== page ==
Review: The Image Machine of Alfredo C.
by Kaleem Aftab
- VENICE 2021: Roland Sejko carries on his work highlighting the importance of film archives and the material contained within them in understanding the world around us
Alfredo Cecchetti is not in your usual books on cinema, and nor is he acclaimed as an extraordinary cinematographer. He worked for 20 years before the war shooting images for the fascist regime. The plight of Italians stuck in Albania after World War II is similarly absent from most tomes about the political fallout and the installation of communist regimes in Eastern Europe. Cecchetti was there to film what happened. The cameraman's life and the images he filmed are at the heart of Roland Sejko's fascinating hybrid film, The Image Machine of Alfredo C. [+see also:
film profile], playing in Orizzonti Extra at the Venice International Film Festival.
The movie is also interested in the value and place of cinematic images as a historical artefact, the truth of images, and how moving pictures are used to control emotions. It's about fake news at a time when it was called “propaganda”. To explore this question, director Sejko and his art designer, Giulia Chiara Crugnola, recreated several Luce vaults, using explosion-proof cells, original reel boxes and actual films belonging to the Istituto Nazionale Luce. The director has, since 1995, been working for the Istituto Luce Cinecittà, where he is currently director of the editorial staff of the Archivio Storico Luce. He wrote and directed several documentaries, which are linked in that they are often built around re-using archive footage.
In the recreated vault, Alfredo C (Pietro De Silva) is cleaning his camera. It's a Parvo Debrie, model L, used by Luce cameramen, the brand of camera used to shoot Benito Mussolini posing as a film cameraman in the large, famous “La cinematografia è l'arma più forte” (lit. “Cinema is the strongest weapon”) poster. He watches some of the many reels of footage housed in the vault on a Moviola.
Cecchetti, before he went to Albania, was an official photographer for the fascist regime. He would take pictures of Mussolini from angles dictated by the Italian leader himself. The film shows this work. The images become way more fascinating and unique when Alfredo C moves to Albania. The streets and the people are seen first under Italian control; then the Germans sweep in, followed by the Russians, and the film demonstrates the powerful propaganda efforts to install communism. These are incredible moments. Cecchetti was employed by the Ministry of Press, Propaganda and Popular Culture of the Democratic Government of Albania. He gave instructions to “Comrade MAK”, the pseudonym of Mandi Koçi, the first Albanian film cameraman, whose name would be found as of the end of the 1940s on almost all Albanian propaganda documentaries.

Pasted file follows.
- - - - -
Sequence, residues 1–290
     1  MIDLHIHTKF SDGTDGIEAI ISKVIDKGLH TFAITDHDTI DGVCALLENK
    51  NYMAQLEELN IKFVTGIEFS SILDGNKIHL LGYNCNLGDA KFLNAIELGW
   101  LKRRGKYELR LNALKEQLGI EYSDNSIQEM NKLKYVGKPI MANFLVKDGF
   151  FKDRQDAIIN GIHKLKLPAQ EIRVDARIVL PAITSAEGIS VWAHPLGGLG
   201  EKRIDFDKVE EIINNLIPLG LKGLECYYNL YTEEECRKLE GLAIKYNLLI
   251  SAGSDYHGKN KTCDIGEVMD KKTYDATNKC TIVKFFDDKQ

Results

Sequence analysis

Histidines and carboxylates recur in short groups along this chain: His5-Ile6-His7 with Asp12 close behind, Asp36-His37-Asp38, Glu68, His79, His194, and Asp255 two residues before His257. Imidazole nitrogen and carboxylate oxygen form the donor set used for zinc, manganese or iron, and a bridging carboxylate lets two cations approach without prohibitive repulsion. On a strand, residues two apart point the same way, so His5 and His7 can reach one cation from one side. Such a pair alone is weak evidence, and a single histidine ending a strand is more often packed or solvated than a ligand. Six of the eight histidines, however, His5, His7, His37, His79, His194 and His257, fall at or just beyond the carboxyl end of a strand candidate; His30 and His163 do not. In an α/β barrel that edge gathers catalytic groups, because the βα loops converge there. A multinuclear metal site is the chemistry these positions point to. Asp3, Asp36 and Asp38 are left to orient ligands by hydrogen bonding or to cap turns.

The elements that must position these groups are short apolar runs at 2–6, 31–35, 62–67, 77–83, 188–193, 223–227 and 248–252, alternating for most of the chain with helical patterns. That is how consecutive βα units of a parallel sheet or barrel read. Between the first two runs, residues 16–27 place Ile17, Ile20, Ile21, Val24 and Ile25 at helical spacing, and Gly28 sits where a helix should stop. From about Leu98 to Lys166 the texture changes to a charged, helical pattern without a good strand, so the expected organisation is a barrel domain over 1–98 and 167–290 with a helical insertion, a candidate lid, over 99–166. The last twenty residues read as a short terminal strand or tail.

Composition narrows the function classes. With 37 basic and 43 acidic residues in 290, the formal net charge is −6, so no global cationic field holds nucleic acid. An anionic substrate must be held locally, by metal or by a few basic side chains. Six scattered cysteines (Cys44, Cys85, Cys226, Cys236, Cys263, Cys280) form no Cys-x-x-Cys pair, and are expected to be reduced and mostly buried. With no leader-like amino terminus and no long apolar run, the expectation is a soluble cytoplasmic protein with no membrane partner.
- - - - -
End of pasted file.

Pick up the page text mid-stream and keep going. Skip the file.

Beneath the story of Italians stuck in Albania, it's a film about filmmaking, and the use and placement of images for effect. The director uses the “time in the vault” moments to show how sedate images can be when not locked into trying to create an emotional or political response. However, just as we get comfortable watching the pictures of a man in love with his work, the action cuts to reels getting wiped. It's unclear why. Nonetheless, it increases the impact and importance of the archive material that is the centrepiece of the movie. It suggests that if cinema is the strongest weapon, that means that for some, images must be manipulated and controlled. It's a film that works on many levels: as a history lesson, a lesson in image manipulation and, also, a lesson for anyone interested in the critical work of film archivists.
The Image Machine of Alfredo C. is a production by Istituto Luce-Cinecittà, which also distributes it and handles its international sales.
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